Applicants must be qualified social workers – though need not be currently registered – and be able to provide a “frontline perspective on policymaking” – though most of the essential criteria for the role concern leadership and policy experience and expertise (see box).
A salary of £100,000 is on offer for a successful external candidate, with a civil servant who obtains the role being paid in line with internal rules.
Essential criteria for next chief social worker for adults
- The ability to communicate and influence at very senior levels on a range of adult social work and care issues through the power of expertise,
relationships, and personal credibility.
- Being proactive in identifying opportunities to add value to policymaking, creative in generating ideas and cognisant of the political and fiscal
- A proven track record of operating successfully in a senior leadership role within social work, adult social care, or local government.
- Significant knowledge and experience of national policy development and implementation.
- Experience of working in or with central government.
- Qualifications that meet the requirements to register as a social worker with Social Work England.
‘Public face of social work with adults’
The Department of Health and Social Care said Romeo’s successor would be the “public face of adult social work in England”, and its job advertisement outlines two core elements for the role.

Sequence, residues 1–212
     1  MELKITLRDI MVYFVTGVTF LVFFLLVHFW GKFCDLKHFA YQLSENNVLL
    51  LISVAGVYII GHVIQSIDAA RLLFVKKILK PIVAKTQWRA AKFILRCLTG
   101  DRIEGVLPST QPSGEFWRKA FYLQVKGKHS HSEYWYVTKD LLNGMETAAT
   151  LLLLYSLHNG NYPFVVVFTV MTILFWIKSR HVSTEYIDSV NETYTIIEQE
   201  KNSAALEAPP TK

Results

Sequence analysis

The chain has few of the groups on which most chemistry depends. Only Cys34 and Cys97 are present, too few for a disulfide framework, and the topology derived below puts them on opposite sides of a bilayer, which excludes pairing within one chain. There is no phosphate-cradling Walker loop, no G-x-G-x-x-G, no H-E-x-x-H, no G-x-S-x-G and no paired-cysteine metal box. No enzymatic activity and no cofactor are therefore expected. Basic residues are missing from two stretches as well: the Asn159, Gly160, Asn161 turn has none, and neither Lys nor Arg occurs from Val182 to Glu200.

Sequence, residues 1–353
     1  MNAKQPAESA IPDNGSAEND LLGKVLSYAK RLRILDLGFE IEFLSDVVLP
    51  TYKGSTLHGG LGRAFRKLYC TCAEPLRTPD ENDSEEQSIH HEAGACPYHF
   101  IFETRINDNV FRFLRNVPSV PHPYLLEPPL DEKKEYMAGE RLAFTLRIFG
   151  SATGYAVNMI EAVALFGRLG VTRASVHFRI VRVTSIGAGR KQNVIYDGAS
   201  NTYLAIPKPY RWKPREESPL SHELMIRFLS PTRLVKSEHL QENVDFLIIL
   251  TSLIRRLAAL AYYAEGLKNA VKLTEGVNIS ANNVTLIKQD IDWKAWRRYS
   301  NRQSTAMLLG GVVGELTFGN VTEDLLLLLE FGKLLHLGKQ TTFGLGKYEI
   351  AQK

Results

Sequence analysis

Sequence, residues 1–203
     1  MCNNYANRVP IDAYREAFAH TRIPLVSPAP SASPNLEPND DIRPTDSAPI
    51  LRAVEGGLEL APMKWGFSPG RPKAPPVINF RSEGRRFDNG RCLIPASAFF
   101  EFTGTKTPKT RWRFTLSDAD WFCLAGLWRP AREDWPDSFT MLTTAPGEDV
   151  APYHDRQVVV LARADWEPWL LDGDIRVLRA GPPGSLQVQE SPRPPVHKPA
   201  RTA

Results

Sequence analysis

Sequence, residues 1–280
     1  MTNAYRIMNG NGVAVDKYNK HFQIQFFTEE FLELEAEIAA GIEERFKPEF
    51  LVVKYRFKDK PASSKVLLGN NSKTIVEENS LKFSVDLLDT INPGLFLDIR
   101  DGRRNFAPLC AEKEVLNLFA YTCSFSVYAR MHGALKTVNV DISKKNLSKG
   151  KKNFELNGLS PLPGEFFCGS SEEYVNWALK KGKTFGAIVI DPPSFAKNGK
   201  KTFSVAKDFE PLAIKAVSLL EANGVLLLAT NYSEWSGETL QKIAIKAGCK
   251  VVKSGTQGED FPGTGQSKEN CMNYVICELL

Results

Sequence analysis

The first is providing advice on social work practice, recruitment and retention and wider adult social care services to ministers, bringing “a frontline perspective on issues to inform policymaking”.
This would also encompass working with the Department for Education – which has its own chief social worker for children and families, Isabelle Trowler – on improving training for practitioners.
‘Raising profile and reputation of social workers’
The second element is providing “visible, professional leadership to the social work workforce”, which would involve leading on “raising the profile and reputation of social workers with key stakeholders, to attract more people to work in the sector”.
As Romeo did, the new chief social worker would be expected to forge strong links with the Adult Principal Social Worker Network, whose support is funded by government.
Through this relationship, the new chief social worker would “stay informed of current issues in the profession and ensure the needs and views of the workforce are understood to inform future policy”.